Homepage

Your number neighbour could be your number nightmare

The latest case of “just because you can try something, doesn’t mean you should try something” has emerged with another social media trend. 

The “number neighbour challenge” is one of the sillier ones we’ve seen.  

It goes like this: you text a number that’s almost your own phone number, except it's one digit off. You introduce yourself as this new contact’s number neighbour, and get the ball rolling on what could — best-case scenario — turn into an interesting conversation to post on social media for the laughs and the likes.  

Latest fad fails

The worst-case scenarios are less lighthearted, and a few have already happened in the short time since the fad hit the internet.  

For example, what if your number neighbour is a child? We won’t get into all that can go wrong in this situation, but keep in mind that the person you’re imagining may not match the person you’re texting.  

What if the number you text belongs to someone who’s recently passed away? You could be causing even more distress to an already grieving family.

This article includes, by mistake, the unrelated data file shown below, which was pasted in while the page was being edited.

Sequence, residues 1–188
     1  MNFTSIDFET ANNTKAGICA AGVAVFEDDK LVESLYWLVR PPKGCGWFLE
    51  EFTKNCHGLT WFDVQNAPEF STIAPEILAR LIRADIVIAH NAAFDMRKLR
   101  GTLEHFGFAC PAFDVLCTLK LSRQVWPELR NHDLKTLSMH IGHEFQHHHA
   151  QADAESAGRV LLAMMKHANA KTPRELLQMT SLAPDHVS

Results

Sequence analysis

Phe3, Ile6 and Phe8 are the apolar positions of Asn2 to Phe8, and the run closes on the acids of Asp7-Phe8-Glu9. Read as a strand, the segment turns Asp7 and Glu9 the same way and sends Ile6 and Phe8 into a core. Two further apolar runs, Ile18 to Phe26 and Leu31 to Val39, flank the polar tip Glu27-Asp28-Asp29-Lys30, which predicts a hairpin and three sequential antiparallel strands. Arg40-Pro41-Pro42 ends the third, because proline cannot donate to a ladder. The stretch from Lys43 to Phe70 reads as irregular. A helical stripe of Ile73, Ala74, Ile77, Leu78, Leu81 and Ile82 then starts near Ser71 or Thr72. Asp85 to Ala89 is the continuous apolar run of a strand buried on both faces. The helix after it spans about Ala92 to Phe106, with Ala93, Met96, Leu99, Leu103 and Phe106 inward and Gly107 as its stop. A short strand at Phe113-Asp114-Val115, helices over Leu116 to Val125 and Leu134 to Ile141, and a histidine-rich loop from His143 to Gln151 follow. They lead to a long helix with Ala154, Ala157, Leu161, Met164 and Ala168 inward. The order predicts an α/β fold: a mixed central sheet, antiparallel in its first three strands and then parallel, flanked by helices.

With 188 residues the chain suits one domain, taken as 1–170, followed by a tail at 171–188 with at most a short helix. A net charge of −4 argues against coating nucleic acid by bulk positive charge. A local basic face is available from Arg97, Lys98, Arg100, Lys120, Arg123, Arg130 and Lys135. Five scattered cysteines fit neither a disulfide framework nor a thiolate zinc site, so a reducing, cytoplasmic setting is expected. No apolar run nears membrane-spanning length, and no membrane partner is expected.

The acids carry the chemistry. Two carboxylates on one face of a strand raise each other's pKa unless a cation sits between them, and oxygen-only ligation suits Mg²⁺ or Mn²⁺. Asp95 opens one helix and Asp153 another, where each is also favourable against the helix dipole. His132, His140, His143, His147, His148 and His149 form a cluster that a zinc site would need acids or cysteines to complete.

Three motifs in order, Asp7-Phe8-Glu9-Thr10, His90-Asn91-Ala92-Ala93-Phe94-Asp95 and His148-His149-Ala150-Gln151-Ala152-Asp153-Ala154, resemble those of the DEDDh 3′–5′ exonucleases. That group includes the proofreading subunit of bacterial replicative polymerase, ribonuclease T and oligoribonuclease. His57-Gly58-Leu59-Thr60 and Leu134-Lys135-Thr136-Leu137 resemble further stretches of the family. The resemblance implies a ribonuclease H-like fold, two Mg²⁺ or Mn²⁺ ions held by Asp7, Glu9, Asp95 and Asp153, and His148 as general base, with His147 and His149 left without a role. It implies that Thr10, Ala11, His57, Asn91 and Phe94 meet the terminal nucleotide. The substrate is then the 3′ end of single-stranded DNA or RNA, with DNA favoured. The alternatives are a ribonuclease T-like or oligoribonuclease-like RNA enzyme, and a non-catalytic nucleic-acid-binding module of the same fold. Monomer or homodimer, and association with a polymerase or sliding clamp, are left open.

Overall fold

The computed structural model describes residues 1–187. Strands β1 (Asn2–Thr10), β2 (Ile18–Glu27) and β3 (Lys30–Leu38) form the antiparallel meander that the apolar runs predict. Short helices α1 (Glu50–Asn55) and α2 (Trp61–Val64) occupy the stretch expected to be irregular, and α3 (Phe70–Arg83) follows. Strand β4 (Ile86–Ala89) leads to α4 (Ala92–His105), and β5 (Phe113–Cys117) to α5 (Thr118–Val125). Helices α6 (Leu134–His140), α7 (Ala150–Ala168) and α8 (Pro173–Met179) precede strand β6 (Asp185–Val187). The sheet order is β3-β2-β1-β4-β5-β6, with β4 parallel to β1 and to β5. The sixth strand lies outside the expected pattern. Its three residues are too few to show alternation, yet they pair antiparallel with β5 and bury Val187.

What if you’re texting a tech-savvy stalker? Your innocent text could put you on the radar of some creep who now has your phone number, knows you’re out there, and could start attacking your phone.  

Neighbour turned nightmare

This is precisely what happened to an L.A. woman who texted her number neighbour and almost immediately started receiving death threats back. The stranger threatened to show up at her house and kill her; they sent videos of guns being loaded; they called her phone dozens of times and even when she blocked that number, more calls streamed in from a different number.

She eventually filed a police report, but we’re betting she wishes she had skipped the whole ordeal!

Think before you text or call

There’s nothing wrong with taking part in fun fads online, but make sure to think about what you’re signing up for. So many of these viral social media trends ask you to sacrifice your security for a few minutes of entertainment.   

Our best advice? Don’t do it! 

To get the right information at the right time, contact the Beauceron Security Team @ info@beauceronsecurity.com or 1-877-516-9245. 

4 ways to fix digital privacy in Canada

We see a lot of headlines every day about the growing impact of cybercrime.  

Our CEO, David, is often in the media providing explanation and context. While the news isn’t good, there is hope and a way for a more secure digital future for Canadians and people around the world.  

With stories of recent major data breaches like Desjardins and Capital One hurting Canadians’ trust, their wallets, and even their identities, it's time for the country to crack down on cybercrime.  

Sounds like an insurmountable task, but there are tangible steps we can take in the short- and long-term future that could majorly cut down criminal activity online.